Commodity forecasting is an essential part of decision-making processes in Australian agricultural businesses and government agencies. However, the lack of real-time data on cropping area meant that producing accurate and timely predictions of specific production across regions and seasons wasn’t possible until recently.
Thanks to the open satellite data delivered by TERN, Dr Andries Potgieter and his colleagues at The University Of Queensland’s Queensland Alliance for Agriculture and Food Innovation have bridged this information gap and developed a holistic approach to determining specific crop production estimates.
|Crop area estimates for North-East Australia's main winter crops for the 2016 winter season created using MODIS satellite imagery from TERN|
Andries’s remote sensing techniques also provide vital information on trends in land use patterns across regions and seasons and are provided to both federal and state government agricultural departments and used in monitoring, planning and risk mitigation.
To calculate specific crop area estimates Andries and the QAAFI team use MODIS satellite imagery from TERN to produce time series data over cropping periods showing changes in green vegetation.
This remotely-sensed data is then calibrated for accuracy using QAAFI’s data collection tool called Paddock Watch, which uses citizen science to gather data on crop type at field scale. Following this validation process, area estimates are combined with yield estimates from crop models to produce both aggregated area and production totals for the main crops for each season.
“The availability of up-to-date and open satellite data via TERN means that we’re able to produce both early-season and ensuing end-of-season crop area estimates at the shire scale,” says Andries. “Without the TERN data this wouldn’t be possible.”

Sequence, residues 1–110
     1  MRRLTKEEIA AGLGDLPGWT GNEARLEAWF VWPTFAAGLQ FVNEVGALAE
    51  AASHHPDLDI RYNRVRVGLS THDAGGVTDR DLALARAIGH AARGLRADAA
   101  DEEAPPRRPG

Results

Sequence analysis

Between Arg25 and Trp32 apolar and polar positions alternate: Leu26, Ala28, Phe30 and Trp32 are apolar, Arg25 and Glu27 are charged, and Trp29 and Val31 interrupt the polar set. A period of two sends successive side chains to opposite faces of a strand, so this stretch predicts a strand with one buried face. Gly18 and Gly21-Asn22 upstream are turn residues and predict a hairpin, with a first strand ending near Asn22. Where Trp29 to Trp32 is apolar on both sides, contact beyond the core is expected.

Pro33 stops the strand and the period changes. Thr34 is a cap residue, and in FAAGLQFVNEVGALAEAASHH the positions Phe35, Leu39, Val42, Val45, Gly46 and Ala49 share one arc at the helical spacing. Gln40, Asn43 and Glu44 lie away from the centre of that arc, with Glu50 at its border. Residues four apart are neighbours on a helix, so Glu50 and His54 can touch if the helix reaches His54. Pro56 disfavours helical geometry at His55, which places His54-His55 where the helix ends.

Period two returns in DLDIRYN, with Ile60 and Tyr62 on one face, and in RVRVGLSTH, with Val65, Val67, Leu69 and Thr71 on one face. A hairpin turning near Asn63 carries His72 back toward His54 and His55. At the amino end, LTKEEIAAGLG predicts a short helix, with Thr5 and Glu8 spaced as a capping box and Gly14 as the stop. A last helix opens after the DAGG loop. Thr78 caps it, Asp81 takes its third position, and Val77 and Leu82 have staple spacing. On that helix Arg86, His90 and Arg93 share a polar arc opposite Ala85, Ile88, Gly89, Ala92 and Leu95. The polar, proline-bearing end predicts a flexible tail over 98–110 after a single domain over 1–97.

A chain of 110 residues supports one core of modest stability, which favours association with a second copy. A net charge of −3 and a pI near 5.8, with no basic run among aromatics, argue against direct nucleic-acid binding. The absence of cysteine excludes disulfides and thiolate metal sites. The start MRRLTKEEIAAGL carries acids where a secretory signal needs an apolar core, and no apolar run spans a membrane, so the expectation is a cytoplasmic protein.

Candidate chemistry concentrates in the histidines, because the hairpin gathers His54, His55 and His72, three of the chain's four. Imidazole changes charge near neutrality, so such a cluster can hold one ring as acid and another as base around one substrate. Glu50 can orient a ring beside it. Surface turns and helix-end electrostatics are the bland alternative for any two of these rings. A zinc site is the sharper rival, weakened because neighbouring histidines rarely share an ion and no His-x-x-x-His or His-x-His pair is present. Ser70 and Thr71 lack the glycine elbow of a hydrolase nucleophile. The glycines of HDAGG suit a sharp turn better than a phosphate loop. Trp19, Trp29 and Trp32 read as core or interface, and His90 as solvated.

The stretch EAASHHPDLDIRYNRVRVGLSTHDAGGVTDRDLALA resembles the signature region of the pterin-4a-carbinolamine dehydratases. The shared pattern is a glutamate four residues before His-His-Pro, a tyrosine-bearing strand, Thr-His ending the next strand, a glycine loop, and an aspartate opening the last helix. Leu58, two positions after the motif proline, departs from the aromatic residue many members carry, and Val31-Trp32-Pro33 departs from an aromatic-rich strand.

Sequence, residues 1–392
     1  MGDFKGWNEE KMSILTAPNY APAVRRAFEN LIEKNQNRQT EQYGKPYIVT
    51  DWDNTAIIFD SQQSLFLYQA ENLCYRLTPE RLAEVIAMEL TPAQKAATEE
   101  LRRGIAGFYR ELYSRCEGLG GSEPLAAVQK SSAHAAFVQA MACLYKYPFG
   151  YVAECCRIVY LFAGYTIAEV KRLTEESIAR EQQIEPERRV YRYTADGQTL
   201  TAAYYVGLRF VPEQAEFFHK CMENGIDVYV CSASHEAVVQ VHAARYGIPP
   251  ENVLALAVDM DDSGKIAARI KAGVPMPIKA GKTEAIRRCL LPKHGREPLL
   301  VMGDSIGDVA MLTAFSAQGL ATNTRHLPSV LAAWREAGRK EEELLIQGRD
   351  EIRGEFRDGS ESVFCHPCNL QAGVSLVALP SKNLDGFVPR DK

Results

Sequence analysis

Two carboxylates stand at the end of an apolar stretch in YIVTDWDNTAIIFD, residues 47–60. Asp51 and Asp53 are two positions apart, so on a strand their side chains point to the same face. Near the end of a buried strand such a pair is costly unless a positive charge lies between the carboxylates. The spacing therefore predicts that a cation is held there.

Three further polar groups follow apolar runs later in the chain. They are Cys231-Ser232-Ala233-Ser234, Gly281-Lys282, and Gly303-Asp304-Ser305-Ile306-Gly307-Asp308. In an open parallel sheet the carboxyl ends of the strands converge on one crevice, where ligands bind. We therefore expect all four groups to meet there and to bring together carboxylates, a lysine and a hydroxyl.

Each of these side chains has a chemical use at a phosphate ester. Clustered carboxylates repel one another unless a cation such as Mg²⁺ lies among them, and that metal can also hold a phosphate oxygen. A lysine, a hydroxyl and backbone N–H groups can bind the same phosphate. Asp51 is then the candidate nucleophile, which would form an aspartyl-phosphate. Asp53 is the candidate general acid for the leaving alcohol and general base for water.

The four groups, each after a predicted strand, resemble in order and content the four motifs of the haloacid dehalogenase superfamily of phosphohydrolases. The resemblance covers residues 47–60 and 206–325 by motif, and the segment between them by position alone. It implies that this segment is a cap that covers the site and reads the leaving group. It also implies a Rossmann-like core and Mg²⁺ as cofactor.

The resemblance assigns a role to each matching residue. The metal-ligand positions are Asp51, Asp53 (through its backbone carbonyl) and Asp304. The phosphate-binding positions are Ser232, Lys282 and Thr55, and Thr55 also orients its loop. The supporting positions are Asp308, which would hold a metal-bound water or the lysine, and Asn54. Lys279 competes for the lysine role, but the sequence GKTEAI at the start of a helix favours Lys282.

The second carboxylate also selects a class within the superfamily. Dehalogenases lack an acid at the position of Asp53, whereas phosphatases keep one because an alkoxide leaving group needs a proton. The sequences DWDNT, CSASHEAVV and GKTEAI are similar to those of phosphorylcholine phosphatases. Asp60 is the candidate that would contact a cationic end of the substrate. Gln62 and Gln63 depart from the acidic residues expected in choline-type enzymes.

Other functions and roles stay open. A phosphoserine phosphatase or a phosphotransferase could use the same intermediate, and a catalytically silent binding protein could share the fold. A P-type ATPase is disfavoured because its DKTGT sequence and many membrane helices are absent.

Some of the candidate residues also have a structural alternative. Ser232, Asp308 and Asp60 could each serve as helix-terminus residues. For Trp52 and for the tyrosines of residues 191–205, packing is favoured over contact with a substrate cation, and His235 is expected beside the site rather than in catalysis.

More accurate and timely estimates of crop area and yield for industry and business play a significant role in avoiding market and climate volatility within Australia and globally say Andries.
“When faced with the high impact of climate variability, advance knowledge of likely crop size and its geographical distribution within a specific season can help industry make strategic decisions such as forward buying or selling of grain well ahead of harvest,” says Andries.
“Our forecasting also allows industry to shift resources from one region to another depending on supply and demand, and hedge risk by buying insurance against crop loss, due to lack of rainfall, well before harvest. Reducing risk increases the economic viability of industry over the long-term.”
Andries’s seasonal outlooks are released via QAAFI’s website and also directly provided to both federal and state government agencies.
“I work closely with both ABARES and the Queensland Department of Agriculture and Fisheries who use the forecasts to more accurately and objectively determine crop productivity,” says Andries.
“They also use them to determine the spatial impact and magnitude of drought on farm productivity in exceptional circumstances declared areas.”
“The forecasts we produce, and indeed the TERN delivered data they rely on, are now a very important part of our nation’s agricultural observation and management systems.”
Dr Andries Potgieter's seasonal outlooks for sorghum and wheat are released via QAAFI’s website and also directly provided to both federal and state government agencies where they are used to more accurately and objectively determine crop productivity and to determine the spatial impact and magnitude of drought on farm productivity in exceptional circumstances declared areas
Published in TERN newsletter July 2017